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Forsyth County music on the rise in 2018
Rock of Ages

For some fans, music festivals are as much a part of summer as the beach, fireworks and baseball, with many making trips far away to huge national shows such has Coachella in California or those a little closer like Bonnaroo in Manchester, Tennessee or Shaky Knees Atlanta. 

But this year has seen a rise in local musical offerings.

While typically the biggest, and sometimes only, musical performance of the year happened during the Cumming Country Fair & Festival, four one-day music festivals have taken place in Forsyth County and the city of Cumming this year: June’s Cumming Rock of Ages, July’s Cumming Music Fest, August’s Classic Rock Tribute Fest and last weekend’s Forsyth River Rock Fest.

“The community is extremely hungry for quality entertainment and nothing brings us together quite like music,” said Joe White with 37 Main, a rock café in Gainesville that put on the Cumming Music Fest and Classic Rock Tribute Fest.

All of those shows, except the River Rock Fest, took place at the Cumming Fairgrounds after a push by city officials to expand use of the facility. 

White said while some conditions at the Fairgrounds made putting on a show “a bit tricky,” crews were able to overcome them and he is excited to see some planned improvements to the facility. 

“Growing up here, I’ve learned that the Fairgrounds is a staple in Cumming, and it was truly an honor to be able to bring the 37 Main shows here,” White said. “[Fairgrounds Administrator] Tracy Helms and his entire team at the Fairgrounds are great to work with, and I look forward to many more shows with that awesome crew.”

While the Fairgrounds has played host to numerous shows during the fair, the weekend’s River Rock Fest was the first-ever concert at Forsyth County’s Eagle’s Beak Park on Old Federal Road.

“It’s a new opportunity for the county,” said Ted Richardson, with the South Forsyth Rotary Club, the group which hosted the festival. “The county has never allowed for the parks to be leased out for this type of event and to have alcohol, beer and wine served.”

Earlier this year, Forsyth County Commissioners approved allowing alcohol at three parks – Eagle’s Beak, the Sawnee Mountain Visitor Center and Chattahoochee Pointe Park – which are passive parks, meaning they are more nature-focused and do not have youth sports, playgrounds or amenities like active parks.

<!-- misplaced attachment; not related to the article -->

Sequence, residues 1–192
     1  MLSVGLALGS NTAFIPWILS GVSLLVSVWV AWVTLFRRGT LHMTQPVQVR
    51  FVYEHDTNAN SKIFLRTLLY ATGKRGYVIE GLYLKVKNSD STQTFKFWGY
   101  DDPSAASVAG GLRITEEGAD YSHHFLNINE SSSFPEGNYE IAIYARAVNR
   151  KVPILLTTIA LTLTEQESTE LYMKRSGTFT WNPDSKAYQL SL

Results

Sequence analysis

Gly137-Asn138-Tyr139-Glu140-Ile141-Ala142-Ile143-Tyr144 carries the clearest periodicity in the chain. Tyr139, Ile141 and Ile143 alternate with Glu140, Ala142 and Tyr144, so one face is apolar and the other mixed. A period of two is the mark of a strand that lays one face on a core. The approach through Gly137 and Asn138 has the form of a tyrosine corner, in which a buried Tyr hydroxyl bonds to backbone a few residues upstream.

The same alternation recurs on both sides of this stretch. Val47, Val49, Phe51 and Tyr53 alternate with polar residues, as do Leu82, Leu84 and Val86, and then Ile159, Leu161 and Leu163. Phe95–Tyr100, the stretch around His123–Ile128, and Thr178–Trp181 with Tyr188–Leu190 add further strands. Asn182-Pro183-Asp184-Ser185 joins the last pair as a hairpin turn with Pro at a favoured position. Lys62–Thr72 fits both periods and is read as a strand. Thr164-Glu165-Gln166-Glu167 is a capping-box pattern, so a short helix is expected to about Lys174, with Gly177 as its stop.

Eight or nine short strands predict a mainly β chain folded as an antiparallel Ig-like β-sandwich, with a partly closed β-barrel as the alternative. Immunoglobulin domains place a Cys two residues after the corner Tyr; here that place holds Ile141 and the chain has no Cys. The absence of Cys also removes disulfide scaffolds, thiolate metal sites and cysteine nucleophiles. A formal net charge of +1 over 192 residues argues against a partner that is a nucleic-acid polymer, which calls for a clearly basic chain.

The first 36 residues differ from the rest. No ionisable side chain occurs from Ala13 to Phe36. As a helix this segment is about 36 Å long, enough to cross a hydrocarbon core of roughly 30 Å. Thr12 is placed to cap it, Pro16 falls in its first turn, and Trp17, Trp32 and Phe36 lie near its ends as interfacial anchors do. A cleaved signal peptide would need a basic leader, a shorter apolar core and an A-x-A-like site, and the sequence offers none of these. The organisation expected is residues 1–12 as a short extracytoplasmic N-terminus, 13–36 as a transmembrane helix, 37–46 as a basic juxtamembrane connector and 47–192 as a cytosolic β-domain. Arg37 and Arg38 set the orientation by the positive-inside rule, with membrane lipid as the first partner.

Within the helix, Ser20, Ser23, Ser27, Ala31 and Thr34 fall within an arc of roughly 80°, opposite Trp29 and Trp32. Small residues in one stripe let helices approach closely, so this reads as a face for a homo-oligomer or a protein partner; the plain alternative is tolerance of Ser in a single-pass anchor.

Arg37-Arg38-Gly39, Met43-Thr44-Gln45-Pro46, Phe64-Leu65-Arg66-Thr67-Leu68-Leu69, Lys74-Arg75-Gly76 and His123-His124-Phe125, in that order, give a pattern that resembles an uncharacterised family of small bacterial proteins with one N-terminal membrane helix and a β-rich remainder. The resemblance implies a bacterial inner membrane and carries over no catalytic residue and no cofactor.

Richardson said he was impressed with the facility. The county was able to run water and electricity, and the area was big enough to accommodate a much larger crowd. 

“I think the county was watching us pretty closely too to see the success that we would have there,” Richardson said. “I have to say the event was a success. The parking, the vendors, the food trucks, the beverages, the ball game, the music all went just according to plan. We had plenty of room to accommodate two times or even four times as many people just due to the venue that the county has there.”

Richardson said the club decided to do a show after surveying locals and finding they were heading out of town to events like Dawsonville’s Moonshine Festival, the Gold Rush Festival in Dahlonega and the Yellow Daisy Festival at Stone Mountain Park.

While it’s one thing to be a success for the promoter and host, those who came to the shows also seemed to have a pretty good time. 

“Attendees really enjoyed themselves,” White said. “We received a ton of new social media followers and amazing reviews after the two festivals. People enjoyed having quality music in their backyard this time.”  

Richardson said he received comments praising the location, weather, bands and even showing Saturday’s college football game between Georgia and South Carolina. 

“I think the festival went very well,” he said. “We had great weather, we had good participation, the bands were really good and Georgia won.”

For those that missed this year’s show, there are plans for more shows next year. 

When asked if the Rotary Club was planning to hold another show, Richardson said he thought so and said he could see expansions in dog-training competitions and hot air balloons. 

“With a big open field like that, it would be great for hot-air balloons,” he said. 

White said 37 Main has a big year planned for 2019. More information will soon be available at 37Main.com. 

“We have plans to bring six 37 Main presented concerts/festivals to the Fairgrounds in 2019,” White said.